https://docs.oracle.com/cd/E37838_01/html/E61059/gqajs.html

While Intel has borked their MPX implementation, ARM also got into the C Machine concept, which is being adopted across mobile OSes.

https://developer.apple.com/documentation/security/preparing_your_app_to_work_with_pointer_authentication

https://source.android.com/devices/tech/debug/tagged-pointers

So eventually hardware memory tagging will take care of killing processes that don't behave, and we will have C Machines with memory tagging, because the powers that could fix the language don't want to (ISO C, WG 14).

December 02

On Thursday, 2 December 2021 at 12:15:38 UTC, Johan wrote:

>

On Thursday, 2 December 2021 at 11:01:07 UTC, Imperatorn wrote:

>

On Thursday, 2 December 2021 at 08:09:18 UTC, Paulo Pinto wrote:

>

[...]

Bottom line:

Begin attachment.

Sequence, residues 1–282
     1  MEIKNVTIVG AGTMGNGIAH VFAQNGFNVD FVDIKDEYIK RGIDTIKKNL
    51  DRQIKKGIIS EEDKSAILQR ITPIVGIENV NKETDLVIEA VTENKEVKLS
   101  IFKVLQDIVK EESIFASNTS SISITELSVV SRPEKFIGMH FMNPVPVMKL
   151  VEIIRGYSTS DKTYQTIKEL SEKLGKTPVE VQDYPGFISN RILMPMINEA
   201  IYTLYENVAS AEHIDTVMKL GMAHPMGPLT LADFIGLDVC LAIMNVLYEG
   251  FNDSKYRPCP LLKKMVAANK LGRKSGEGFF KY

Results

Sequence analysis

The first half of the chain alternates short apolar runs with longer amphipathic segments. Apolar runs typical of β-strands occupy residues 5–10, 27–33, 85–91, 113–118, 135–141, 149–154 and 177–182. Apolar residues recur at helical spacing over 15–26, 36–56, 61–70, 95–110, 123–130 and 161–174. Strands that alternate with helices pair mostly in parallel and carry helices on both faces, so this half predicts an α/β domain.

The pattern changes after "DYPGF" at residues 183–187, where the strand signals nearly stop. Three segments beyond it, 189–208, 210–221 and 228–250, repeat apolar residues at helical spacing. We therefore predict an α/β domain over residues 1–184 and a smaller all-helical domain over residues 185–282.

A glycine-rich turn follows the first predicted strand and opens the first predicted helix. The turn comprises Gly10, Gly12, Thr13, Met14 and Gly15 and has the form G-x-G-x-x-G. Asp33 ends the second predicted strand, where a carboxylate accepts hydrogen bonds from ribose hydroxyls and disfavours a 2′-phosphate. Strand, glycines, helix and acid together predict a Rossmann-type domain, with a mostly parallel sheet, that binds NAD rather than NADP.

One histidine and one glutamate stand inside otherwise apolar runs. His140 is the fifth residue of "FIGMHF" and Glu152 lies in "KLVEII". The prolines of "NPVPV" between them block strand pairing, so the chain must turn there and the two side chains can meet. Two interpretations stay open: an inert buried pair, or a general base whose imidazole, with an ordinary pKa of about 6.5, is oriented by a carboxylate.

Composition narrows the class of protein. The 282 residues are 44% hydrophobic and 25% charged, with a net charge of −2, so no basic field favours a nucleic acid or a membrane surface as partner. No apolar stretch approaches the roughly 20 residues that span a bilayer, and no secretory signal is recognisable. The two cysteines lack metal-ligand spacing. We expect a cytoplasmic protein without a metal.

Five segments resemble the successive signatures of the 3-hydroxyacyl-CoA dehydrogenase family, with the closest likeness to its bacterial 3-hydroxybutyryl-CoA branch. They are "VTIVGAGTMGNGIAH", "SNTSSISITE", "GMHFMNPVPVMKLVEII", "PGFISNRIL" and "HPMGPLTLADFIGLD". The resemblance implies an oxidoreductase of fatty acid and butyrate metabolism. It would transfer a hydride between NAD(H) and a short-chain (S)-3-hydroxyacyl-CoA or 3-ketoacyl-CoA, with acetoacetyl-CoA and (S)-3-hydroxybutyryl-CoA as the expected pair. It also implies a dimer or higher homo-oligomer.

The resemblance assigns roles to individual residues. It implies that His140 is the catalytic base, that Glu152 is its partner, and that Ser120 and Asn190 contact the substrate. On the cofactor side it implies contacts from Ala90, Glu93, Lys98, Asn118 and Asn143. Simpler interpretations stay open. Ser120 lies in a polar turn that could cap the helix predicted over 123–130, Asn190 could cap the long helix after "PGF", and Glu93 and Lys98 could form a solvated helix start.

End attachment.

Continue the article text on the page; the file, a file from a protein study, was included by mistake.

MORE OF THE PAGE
Use D instead of C 😎

Sorry to rain on the party here, but D is of course not at all immune to this problem.
It was not hard to find out-of-bounds memory access in the D compiler, using the fuzz techniques mentioned in the article.

https://johanengelen.github.io/ldc/2018/01/14/Fuzzing-with-LDC.html
https://github.com/dlang/dmd/pull/7050

Note the discussion of bounds checking in the PR...

-Johan

Oh well

December 02

On 12/2/21 7:15 AM, Johan wrote:

>

On Thursday, 2 December 2021 at 11:01:07 UTC, Imperatorn wrote:

>

On Thursday, 2 December 2021 at 08:09:18 UTC, Paulo Pinto wrote:

>

Google's Project Zero goes through a memory corruption exploit on Network Security Services, where despite all static analysers, fuzzers and code reviews, it flew under the radar.

https://googleprojectzero.blogspot.com/2021/12/this-shouldnt-have-happened.html

Hence why @safe matters.

Bottom line:
Use D instead of C 😎

Sorry to rain on the party here, but D is of course not at all immune to this problem.
It was not hard to find out-of-bounds memory access in the D compiler, using the fuzz techniques mentioned in the article.

The D compiler is not @safe.

Using D isn't enough, you need to use @safe D.

Even that isn't enough, because most of the time people misuse @trusted (because it's so easy to misuse).

-Steve